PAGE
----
r.r ..l- i.n i , Kyy.. , HIT"'!! fY-fm, , , , r,-,-,. mr-jyi
:80 chance or rain
High in 60s
High in 50s
Upstairs Student Union
Come give the gift of life
Serving the students and the University community since 1893
Volume 97, Issue 73
Thursday, October 19, 1989
Chapel Hill, North Carolina
Activist wairmis ef
py site mm
By BILL TAGGART
; UNC-system President CD. Span
gler answered Chancellor Paul Hardin's
proposals for more UNC-CH financial
autonomy with a mixture of support
ami disagreement in a speech to the
Board of Governors in Fayetteville last
; rVI thought the speech was generally
receptive to what Chancellor Hardin
has had to say," BOG member Philip
Crson said Wednesday. "It was a
positive speech, and I think President
Spangler was intending on it being
: :Carson said he didn't think the tone
oft Spangler's speech was confronta
tional. ', ' Neither Spangler nor Hardin was
available for comment Wednesday.
! ' Dennis O'Connor, UNC-CH provost
NCAA seeks- chamiges
By MARK ANDERSON
; .In an attempt to limit the demands on
college athletes' time, the NCAA's
Presidents' Commission has recom
mended measures including shorten
ing the basketball season by a month
and virtually eliminating spring foot
' In addition, the presidents approved
recommendations to publish athlete
graduation rates and to allow athletes
who did not meet the academic require
ments of Proposition 48 to receive non
athletic aid based on need.
UNC athletic officials praised the
presidents motives, but questioned
some of their methods.
"Their intent and what they are trying
to accomplish is laudable," said UNC
Athletic Director John Swofford. "We
By SANDY WALL
Attorneys with the N.C. Press Asso
ciation are charging that the chairman
of the special commission that investi
gated possible wrongdoing in the N.C.
State University athletic department is
in violation of the state's Open Records
I k. ft
i I I
' " " i? ffi) i n rff : ' ;,
L - Willy s7i .
1 - - nn hi i i imii -T ,""1"T i-r iinrwriinfr 11 n -r m--u
Senior Kaarin Tisue, a member of Amnesty Inter
' national, recruits a signature from senior Laurel
and vice chancellor for academic af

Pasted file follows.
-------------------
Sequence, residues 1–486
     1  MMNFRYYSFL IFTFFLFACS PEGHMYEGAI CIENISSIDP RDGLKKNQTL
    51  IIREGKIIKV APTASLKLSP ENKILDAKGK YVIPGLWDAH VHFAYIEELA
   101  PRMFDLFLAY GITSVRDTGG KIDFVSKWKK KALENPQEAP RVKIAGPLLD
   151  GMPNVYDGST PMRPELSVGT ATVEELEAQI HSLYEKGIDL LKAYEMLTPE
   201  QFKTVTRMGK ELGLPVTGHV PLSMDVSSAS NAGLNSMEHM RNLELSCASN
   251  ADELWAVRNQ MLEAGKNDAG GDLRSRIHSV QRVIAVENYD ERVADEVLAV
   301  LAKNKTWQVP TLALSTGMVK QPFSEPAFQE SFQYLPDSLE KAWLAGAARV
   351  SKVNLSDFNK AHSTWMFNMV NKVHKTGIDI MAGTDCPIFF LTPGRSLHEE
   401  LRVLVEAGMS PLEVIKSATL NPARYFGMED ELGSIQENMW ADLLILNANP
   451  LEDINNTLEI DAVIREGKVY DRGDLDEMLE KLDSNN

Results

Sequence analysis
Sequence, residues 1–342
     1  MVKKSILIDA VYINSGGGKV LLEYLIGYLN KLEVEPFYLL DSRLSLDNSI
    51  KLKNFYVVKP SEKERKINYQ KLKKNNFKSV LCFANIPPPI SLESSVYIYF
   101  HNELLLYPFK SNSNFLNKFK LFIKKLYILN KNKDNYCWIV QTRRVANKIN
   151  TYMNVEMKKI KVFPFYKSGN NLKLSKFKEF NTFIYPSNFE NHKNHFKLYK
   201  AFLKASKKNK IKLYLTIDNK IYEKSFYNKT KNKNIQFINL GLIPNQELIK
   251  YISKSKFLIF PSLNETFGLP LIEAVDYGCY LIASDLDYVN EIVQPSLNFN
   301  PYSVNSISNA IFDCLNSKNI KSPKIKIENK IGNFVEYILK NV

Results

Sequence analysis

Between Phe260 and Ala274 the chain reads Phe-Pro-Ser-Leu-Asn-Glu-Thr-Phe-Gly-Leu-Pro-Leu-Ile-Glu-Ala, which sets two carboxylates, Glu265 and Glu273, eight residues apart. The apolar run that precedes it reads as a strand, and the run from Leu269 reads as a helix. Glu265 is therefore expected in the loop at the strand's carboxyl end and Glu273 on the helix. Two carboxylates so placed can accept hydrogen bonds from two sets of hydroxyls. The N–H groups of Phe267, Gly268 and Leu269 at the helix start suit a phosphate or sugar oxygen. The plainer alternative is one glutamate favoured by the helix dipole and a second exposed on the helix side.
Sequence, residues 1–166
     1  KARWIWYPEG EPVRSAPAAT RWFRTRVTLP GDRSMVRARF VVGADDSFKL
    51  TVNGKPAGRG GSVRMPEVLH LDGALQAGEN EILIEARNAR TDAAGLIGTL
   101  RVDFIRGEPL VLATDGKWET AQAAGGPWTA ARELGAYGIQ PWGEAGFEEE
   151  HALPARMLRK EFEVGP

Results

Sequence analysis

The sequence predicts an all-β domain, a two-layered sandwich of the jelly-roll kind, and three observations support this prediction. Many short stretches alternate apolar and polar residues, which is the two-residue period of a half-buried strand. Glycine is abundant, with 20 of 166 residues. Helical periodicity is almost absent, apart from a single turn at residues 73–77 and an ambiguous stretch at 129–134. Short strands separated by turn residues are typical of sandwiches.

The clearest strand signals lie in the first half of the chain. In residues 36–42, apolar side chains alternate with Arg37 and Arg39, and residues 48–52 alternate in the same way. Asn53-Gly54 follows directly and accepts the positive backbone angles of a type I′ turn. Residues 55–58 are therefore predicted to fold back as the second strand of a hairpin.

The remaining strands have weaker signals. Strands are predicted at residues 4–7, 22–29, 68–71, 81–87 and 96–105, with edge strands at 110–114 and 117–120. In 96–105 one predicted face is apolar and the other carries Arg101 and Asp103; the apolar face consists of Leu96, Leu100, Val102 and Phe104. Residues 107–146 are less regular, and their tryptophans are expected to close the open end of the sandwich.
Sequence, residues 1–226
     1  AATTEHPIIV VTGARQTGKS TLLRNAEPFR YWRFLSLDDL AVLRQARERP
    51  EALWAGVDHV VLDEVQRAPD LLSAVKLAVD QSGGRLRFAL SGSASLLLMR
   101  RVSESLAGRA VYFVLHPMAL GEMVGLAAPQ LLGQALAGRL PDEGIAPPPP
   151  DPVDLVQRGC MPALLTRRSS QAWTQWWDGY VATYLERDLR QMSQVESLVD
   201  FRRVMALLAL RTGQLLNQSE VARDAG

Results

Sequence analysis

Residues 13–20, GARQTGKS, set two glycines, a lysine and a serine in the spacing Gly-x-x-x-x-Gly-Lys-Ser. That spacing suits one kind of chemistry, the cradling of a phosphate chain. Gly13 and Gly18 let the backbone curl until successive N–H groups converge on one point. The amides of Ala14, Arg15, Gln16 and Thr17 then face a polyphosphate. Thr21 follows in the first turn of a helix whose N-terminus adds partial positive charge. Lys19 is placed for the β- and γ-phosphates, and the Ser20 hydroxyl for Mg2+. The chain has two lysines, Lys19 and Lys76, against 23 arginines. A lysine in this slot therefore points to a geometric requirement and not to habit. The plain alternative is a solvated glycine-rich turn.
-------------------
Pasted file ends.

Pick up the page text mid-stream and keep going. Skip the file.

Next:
fairs, agreed there were some points of
agreement between Spangler and Har
din. "I think that some of President
Spangler's comments were indeed very
He specifically mentioned
Spangler's proposals on purchasing
regulations and the use of overhead
receipts as "consistent with the
Spangler said a larger portion of
overhead receipts, indirect costs in
volved with research projects, should
be available to the University. "Cur
rently 30 percent of these receipts are
included in institutional academic
budgets as offsets to state appropria
tions," he said in his speech.
The president also recommended
See SPANGLER, page 6
need to think through if these (recom
mendations) are the ideal ones. I think
there will be amendments and I don't
think these will be the only ones con
sidered." Swofford cited three major reasons
for the direction of this year's commis
sion. "We are concerned with the time
committed to sports compared to aca
demics. Also, our national surveys show
that athletes don't have much time for
campus life. There is also a desire to
move sports into one semester."
The members of the National Colle
giate Athletic Association will vote on
the measures at their annual conven
tion in January, and approved recom
mendations could go into effect by 1 990.
Martin Massengale, . chancellor of
the University of Nebraska and chair
Samuel Poole, who chaired the Poole
Commission, has violated the N.C.
Open Records Law by refusing to re
lease a draft report containing the
commission's findings, said Catherine
White, a lawyer for the N.C. Press
Poole said his copy of the draft re
port was the last surviving copy of the
' ' '
Davis Wednesday afternoon in the Union. The
group works to free prisoners of conscience.
The reward of a thing
man of the Presidents' Commission,
said he expected the measures to pass
because he felt the members were more
unified than last year.
One of the dividing factors in 1988
was Proposition 42, and criticism be
came so intense that the commission
readdressed the issue this year. Origi
nally, Prop 42 was passed to deny aid to
recruited athletes who failed to meet
the academic requirements of 1983's
Under this rule, incoming freshmen
must earn a 2.0 high school grade point
average, both cumulatively and in core
courses, and score more than 15 on the
ACT or 800 on the SAT. The presi
dents' compromise will allow these
athletes to receive non-athletic aid based
"I support it because it puts athletes
Vs- 4 -s . J? I